The operator has no right to salvage a parking charge from you without first taking you to court, so if you feel there has been a blunder and you shouldn't have been issued a ticket, you may wish to dispute the charge with the parking company as soon as possible. You should ask them to make available evidence of their case against you. If you fail to reach an agreement with them, then, as with all civil matters, it is up to the parking company to bear out their argument in court, but it is advisable to seek advice from the CAB or a solicitor before things get to this phase. Bear in mind that the parking operator has to corroborate its case on the balance of probabilities.

It is also important to write down that, as things presently stand, the driver of the vehicle is the solitary person who can enter into a contract with the property-owner. So if you were not the person driving you may wish to inform the parking company of this right away. Just because you are the registered keeper of the vehicle, you are under no legal obligation to provide the parking operator with any further info, as you would be with the police. In particular you do not have to identify the driver or supply his or her name and address.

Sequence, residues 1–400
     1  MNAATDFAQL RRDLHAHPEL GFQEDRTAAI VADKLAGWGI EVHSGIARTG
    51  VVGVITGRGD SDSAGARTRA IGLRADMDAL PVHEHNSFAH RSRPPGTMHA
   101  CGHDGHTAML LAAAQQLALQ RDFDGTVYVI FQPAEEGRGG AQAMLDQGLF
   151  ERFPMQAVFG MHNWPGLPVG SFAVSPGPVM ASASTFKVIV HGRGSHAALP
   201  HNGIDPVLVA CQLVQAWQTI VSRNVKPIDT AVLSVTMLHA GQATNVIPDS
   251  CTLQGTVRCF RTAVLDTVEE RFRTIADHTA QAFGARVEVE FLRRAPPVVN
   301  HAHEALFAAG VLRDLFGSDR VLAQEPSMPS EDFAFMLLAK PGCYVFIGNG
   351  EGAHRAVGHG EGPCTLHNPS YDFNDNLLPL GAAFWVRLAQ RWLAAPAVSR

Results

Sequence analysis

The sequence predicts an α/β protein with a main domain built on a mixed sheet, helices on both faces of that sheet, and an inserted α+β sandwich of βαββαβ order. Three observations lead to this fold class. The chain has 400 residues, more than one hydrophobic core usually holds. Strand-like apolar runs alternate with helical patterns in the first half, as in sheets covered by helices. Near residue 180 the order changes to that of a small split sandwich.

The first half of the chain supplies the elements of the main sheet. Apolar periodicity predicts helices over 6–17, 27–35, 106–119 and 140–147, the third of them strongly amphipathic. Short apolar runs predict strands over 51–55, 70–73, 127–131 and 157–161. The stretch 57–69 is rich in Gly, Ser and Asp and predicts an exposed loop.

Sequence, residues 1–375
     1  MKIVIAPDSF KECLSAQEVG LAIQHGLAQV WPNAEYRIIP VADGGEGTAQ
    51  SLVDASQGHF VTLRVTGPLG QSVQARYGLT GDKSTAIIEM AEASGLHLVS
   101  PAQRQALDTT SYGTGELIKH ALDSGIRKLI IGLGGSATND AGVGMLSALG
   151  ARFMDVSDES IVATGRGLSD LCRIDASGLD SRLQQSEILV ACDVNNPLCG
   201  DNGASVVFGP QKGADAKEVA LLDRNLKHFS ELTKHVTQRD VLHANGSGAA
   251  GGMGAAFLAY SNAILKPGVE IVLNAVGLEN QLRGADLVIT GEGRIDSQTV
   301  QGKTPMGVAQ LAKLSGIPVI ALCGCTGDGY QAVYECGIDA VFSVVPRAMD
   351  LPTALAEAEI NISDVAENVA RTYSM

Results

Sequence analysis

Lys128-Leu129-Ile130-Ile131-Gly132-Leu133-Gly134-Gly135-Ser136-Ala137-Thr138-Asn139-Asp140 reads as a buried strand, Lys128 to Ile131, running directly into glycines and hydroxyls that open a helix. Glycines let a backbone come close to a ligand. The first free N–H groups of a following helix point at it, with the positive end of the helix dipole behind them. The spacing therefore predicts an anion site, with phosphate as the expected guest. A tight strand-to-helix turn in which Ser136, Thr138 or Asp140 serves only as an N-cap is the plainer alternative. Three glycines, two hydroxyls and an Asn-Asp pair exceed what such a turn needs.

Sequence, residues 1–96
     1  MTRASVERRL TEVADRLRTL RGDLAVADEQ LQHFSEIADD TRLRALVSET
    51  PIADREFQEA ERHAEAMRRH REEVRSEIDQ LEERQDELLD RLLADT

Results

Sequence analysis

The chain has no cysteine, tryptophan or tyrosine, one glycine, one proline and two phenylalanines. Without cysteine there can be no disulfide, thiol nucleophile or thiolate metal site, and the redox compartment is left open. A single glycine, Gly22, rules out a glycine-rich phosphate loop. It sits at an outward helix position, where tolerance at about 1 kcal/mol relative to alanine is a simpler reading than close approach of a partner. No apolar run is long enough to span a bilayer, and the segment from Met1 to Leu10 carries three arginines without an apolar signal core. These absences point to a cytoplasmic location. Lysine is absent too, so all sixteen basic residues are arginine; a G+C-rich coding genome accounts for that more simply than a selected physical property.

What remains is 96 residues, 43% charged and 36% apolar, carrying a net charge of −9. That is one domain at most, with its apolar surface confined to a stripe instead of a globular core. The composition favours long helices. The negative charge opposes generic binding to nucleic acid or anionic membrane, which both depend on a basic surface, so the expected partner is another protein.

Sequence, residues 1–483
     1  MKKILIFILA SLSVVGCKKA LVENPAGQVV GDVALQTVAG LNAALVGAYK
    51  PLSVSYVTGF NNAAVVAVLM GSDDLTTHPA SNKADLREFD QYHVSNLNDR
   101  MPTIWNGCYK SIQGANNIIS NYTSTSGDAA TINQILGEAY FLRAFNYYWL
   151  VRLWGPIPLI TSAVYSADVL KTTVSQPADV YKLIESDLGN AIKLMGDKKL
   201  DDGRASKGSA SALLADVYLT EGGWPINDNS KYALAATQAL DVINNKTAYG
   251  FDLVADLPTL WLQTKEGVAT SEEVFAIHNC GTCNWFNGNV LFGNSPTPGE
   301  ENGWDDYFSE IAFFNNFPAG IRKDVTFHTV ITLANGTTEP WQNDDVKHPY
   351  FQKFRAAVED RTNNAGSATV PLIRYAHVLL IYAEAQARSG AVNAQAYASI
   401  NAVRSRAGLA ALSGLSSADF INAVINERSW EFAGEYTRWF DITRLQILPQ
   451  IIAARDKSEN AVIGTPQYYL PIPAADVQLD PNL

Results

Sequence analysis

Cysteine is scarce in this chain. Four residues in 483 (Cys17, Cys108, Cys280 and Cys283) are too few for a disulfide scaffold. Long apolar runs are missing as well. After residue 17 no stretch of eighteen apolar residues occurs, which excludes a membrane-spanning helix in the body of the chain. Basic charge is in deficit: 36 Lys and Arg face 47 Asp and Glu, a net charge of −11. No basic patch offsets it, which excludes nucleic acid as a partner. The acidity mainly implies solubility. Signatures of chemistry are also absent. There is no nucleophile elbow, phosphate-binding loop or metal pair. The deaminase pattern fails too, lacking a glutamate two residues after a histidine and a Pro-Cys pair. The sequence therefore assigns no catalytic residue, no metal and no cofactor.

Indeed if you are assured that you have not parked in contravention of the rules of the car park, you do not have to contact the parking company if you do not wish to do so as the obligation is on the parking company to corroborate its case. However you should let them know that you contest the notice as if not, you can count on a series of letters from the company itself, debt collectors and solicitors, all warning of court action. However, the reality is that extremely few cases ever reach court because of the difficulties the private company has in proving its case. Consequently, the letters usually stop. Even if a case does reach court, the company may have trouble convincing a judge that the charge is just.

The bottom line is it is going to be very difficult for these companies to show you are a guilty party in this. In 99.99% of cases the best thing to do is rip up the ticket and throw it away. We would recommend not to get in touch with the company (as you are handing them your details) or waste your time and money consulting a solicitor. Most of these companies do not provide proper signage - in other words they are easy to miss when you are busy thinking of all the things you want to acquire.